Sometimes a dukedom is created to commemorate a national hero, a member of ancient well-born family, but his progeny simply doesn’t last, and the exalted title disappears after only the briefest of existences. Such is the case for the dukes of Albemarle, created for General George Monck in 1660 but extinct by 1688 with theContinue reading “Dukes of Albemarle”
One of the benefits of the fragmentary nature of the German feudal states that made up the Holy Roman Empire was that small segments of a dynasty’s patrimony could be easily carved out to provide younger sons with a territory of their own to govern, a principality from which they could derive an income andContinue reading “Ansbach and Bayreuth: Secondogeniture lands for Hohenzollern princes”
Some dukedoms are awarded to die-hard republicans, based on a territory not connected in any way to the grantee, the title formally removed by one country, then reclaimed by descendants living in another. Not often, it has to be admitted. But such is the story of the ancestors of one of the grandest Swedish aristocratsContinue reading “Fouché d’Otrante: French Neapolitan dukes in Sweden”
Sometimes one single prominent marriage can bring an entire family lineage back into the popular consciousness, even if the details of the who, what, where remain fuzzy. Such is the case for His Serene Highness Prince Stanisław ‘Stas’ Radziwiłł, whose celebrated marriage to Lee Bouvier in March 1959 propelled him into the limelight as partContinue reading “Radziwill—Princes sans frontières”
On the 6th of February, 1952, in a treehouse in Kenya, Queen Elizabeth II formally began her long reign, in Britain, in Canada, in Australia, and so on. Few monarchs in world history have reigned for seventy years, and it is interesting to consider whether such long reigns in history have served as beneficial orContinue reading “Seventy Years on the Throne—Europe’s Longest Reigns as Benefit or Burden?”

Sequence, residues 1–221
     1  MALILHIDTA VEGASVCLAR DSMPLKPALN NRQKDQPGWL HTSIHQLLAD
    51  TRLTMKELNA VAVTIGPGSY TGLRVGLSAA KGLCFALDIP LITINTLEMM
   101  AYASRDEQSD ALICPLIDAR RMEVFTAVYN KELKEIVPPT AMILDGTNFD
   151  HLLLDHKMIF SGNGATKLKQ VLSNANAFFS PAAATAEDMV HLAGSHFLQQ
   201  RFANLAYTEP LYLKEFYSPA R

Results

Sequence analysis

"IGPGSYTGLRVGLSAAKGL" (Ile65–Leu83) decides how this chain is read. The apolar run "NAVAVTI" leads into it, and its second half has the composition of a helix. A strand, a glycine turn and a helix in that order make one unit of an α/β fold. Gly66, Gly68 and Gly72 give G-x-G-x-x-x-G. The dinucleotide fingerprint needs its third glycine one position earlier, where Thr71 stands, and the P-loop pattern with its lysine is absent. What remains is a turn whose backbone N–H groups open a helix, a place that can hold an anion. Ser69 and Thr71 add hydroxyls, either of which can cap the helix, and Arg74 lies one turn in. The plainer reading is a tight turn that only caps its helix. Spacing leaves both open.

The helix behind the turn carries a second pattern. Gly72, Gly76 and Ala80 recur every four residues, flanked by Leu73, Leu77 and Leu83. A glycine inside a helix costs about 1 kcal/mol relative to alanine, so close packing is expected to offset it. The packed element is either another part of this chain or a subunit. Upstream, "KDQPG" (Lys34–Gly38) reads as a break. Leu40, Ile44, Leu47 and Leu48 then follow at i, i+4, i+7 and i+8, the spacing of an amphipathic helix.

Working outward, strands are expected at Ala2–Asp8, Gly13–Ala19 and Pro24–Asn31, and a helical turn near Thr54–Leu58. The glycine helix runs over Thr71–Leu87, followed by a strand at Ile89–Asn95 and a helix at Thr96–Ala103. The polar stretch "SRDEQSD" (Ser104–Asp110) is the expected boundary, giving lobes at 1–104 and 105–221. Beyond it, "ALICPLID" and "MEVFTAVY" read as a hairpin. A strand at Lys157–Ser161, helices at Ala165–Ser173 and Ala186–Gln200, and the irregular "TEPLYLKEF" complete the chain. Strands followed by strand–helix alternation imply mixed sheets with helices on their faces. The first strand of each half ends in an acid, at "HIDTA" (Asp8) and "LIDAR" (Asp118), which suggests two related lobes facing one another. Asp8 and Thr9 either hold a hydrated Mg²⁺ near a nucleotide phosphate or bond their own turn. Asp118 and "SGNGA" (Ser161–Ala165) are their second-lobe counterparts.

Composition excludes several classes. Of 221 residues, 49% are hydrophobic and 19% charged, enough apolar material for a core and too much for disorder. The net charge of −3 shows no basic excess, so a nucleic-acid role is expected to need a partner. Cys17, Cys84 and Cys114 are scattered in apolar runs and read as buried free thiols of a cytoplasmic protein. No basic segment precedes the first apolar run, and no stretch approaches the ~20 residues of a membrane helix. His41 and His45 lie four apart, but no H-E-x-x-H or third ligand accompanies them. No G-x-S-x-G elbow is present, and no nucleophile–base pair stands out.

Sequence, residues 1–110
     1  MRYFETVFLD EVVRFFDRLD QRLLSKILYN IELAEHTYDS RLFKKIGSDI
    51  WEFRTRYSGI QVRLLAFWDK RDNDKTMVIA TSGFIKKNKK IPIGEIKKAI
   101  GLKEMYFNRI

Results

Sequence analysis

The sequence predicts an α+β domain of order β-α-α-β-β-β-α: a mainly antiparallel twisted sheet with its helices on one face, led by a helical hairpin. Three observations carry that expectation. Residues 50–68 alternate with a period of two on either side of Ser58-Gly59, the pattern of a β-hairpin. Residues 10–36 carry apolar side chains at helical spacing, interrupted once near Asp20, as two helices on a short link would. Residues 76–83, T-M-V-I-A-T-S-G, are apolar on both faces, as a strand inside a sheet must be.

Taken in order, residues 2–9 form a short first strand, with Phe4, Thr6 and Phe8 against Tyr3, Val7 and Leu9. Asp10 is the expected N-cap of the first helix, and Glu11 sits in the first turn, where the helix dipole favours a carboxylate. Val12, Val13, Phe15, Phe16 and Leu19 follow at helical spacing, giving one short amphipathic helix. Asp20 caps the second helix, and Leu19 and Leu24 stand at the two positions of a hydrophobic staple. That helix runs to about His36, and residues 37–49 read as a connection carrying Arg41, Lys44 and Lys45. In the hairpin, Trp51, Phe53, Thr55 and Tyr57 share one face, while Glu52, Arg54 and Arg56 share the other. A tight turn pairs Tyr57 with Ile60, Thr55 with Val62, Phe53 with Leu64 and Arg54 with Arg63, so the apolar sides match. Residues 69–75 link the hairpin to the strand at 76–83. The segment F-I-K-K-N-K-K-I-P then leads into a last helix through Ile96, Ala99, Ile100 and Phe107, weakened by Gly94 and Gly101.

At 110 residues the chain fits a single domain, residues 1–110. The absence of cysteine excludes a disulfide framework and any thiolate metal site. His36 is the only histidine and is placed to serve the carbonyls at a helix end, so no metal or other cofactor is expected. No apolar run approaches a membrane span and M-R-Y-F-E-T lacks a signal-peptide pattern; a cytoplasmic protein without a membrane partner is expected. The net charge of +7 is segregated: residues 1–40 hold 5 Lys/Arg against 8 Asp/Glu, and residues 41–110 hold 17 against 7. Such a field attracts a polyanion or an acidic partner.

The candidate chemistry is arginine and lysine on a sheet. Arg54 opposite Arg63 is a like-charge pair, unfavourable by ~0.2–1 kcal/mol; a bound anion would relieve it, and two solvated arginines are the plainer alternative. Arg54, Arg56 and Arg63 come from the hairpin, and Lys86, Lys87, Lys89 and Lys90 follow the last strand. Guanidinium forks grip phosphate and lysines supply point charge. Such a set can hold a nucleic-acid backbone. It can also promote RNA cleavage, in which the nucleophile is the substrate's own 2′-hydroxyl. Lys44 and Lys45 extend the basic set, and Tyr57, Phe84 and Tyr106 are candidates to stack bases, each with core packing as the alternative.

“Lay on, Macduff”, cries Macbeth as he challenges him towards the end of Shakespeare’s historical ‘Tragedie’ set in Scotland in the 11th century. By murdering the usurping tyrant Macbeth and restoring the proper royal line in the person of King Malcolm III, Macduff is the hero of the piece. 800 years later, if following aContinue reading “Dukes of Fife: heirs to Macduff”
A People Protected by a Prince; A People Proffered by a Prince: Germans who came to America in the 18th Century – My Ancestors
In the 18th century, thousands of Germans crossed the ocean to settle in the British colonies, many concentrated in Pennsylvania, where it is estimated that by the 1770s they made up about one-third of the entire colonial population. There were many motivations for this emigration from Germany, but two of the most significant, religious persecutionContinue reading “A People Protected by a Prince; A People Proffered by a Prince: Germans who came to America in the 18th Century – My Ancestors”
Spain’s ‘Golden Century’ was dominated politically by powerful men known as validos, a combination of prime minister and personal servant, the closest confidant and advisor to the king. The reigns of Philip III and Philip IV were monopolised by three men, Lerma, Olivares and the latter’s nephew Haro. The first was created Duke of LermaContinue reading “Lerma, Olivares and Haro: los Validos”
Of all the extant dukedoms of the United Kingdom, the dukes of Saint Albans are probably the least well known. They lack a major country house, a ducal seat, to remind the general public of their history and grandeur as a family. They hold no major ceremonial role in the running of the modern monarchy.Continue reading “Dukes of Saint Albans”
The castles of Teck and Urach are not instantly familiar to even the most seasoned travellers, but both lent their names to dynasties with interesting close connections to more well-known royal and princely families—notably the Windsors and the Grimaldis—and even to an ephemeral kingdom in the Baltic that vanished before the ink was dry onContinue reading “Dukes of Teck, Dukes of Urach”
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